Chicago P.D. Review: You Don’t Abandon Kids

Chicago P.D.

You’ll be amazed what kind of things are legal, and how much people believe the rules can be bent if they are “doing a good deed”. There a quite a few people in this week’s Chicago P.D. with good intentions, but everything they do puts the lives of innocent children in jeopardy. It’s an extremely painful reality to watch what happens to children whose fates are in the hands of adults who don’t know what they are doing. For one member of Intelligence, it’s also a wake-up call that his own family needs to be put first, no matter how much it hurts him.

Intelligence serves a warrant to a dealer named Marshall Carter. They expect to find drugs, guns, but not starving children. Make that two starved to death children, and one terrified child who eventually manages to communicate that he is from Vietnam. His name is Kwan Boa, and the poor kid thought he was coming to America to live a new life with a new family. That’s half true. Kwan did come into the country legally, adopted by a nice Chicago couple. Where the story becomes horrifying is that the mother could not handle some of Kwan’s emotional problems, and so gave him away while her husband was on a business trip. Flash forward, and Kwan is held in a storm shelter, trapped with two other boys who drank meth-contaminated water and died.

Unfortunately, giving away an adopted child is actually legal in the state of Illinois. The process, called “Re-Homing”, places adopted children in new homes if the parents feel they can no longer care for them. Atwater and Burgess go undercover as a couple to meet the Marsdens, who are the middle party for a fake website that supposedly hands over unwanted children to an undercover ICE agent named Clyde Harris. Not surprisingly, the whole operation is fake, though the Marsdens don’t know that until Kwan’s adopted father bursts in with threats for the people who hurt his child. You can tell this man genuinely wanted his child, as he asks Voight “What would you do if it were your son?” He really, really doesn’t want to know the answer to that question. The real smuggler is Clyde Dupree, who uses a dark net website to auction off children under the pictures of animals, but everyone knows what they are getting. They manage to get the rest of the kids and capture Clyde. While apprehending the guy, Voight loses his temper around Antonio, who then asks a question of Voight that can be construed as suspicious. It forces Voight to confront Antonio with what he suspects, which Antonio is insulted his both would ever think. I’m inclined to believe that Antonio is innocent on this one. It would take something major for him to turn on Voight, and this just doesn’t feel like that.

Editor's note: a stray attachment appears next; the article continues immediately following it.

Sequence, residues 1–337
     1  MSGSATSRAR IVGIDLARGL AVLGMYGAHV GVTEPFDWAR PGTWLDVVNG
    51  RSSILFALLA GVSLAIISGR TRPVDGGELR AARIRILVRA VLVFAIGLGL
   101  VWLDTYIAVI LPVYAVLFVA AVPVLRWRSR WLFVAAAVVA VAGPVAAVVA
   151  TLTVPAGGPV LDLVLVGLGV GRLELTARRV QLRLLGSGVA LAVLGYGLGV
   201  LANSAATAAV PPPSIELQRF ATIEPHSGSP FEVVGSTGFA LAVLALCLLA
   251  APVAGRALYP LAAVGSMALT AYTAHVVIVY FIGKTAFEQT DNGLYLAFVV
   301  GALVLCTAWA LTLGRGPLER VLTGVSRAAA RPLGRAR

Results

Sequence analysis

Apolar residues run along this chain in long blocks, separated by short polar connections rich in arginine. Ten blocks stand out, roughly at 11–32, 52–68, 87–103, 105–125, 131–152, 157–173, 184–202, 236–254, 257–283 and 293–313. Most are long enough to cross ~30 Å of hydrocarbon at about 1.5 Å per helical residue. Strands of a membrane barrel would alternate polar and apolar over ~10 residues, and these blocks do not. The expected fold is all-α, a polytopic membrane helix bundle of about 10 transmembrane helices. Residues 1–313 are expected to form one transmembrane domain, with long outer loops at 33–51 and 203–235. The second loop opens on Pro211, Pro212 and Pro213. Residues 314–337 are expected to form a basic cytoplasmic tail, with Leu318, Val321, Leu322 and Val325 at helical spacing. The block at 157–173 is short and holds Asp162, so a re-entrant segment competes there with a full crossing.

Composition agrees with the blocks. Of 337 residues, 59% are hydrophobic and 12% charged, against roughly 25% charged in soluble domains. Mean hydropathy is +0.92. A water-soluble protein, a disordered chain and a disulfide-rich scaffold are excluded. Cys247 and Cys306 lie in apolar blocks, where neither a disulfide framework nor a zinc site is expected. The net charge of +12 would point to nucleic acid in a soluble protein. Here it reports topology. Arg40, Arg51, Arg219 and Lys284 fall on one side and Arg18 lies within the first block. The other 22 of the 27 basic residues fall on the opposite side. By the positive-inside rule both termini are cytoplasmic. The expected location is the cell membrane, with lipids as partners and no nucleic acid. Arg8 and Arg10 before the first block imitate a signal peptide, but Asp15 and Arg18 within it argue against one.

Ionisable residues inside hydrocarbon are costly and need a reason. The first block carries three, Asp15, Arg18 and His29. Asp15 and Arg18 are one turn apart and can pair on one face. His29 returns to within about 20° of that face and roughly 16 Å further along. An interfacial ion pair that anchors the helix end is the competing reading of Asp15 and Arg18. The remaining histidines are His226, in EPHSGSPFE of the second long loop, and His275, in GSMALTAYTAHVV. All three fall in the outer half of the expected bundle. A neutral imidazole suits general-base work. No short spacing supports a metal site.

This case is just one in a long list of things that has Atwood thinking it might be time to get his siblings out of town. The neighborhood has a long memory, and they found out that Atwater’s brother Jordan testified in last week’s case. They nearly rape their little sister Vanessa. Atwood has very few choices on how to handle this, but the safest solution might be to send his brother and sister to his aunt’s home in Texas. It’s better than Jordan stealing his brother’s weapon to go after the kids who attacked his sister. Jordan feels trapped, like he has to fix a situation that his brother pushed him into. Yes, Jordan did agree to testify. But when you are a teenager, your autonomy isn’t yet your own. You still want to please adults, to follow their lead because they tell you it’s what you should do. That is a lot of responsibility to put on a child, and it’s too much for Jordan and Vanessa to handle. Voight of all people knows what you have to do to keep kids safe, which Atwater needed to hear.

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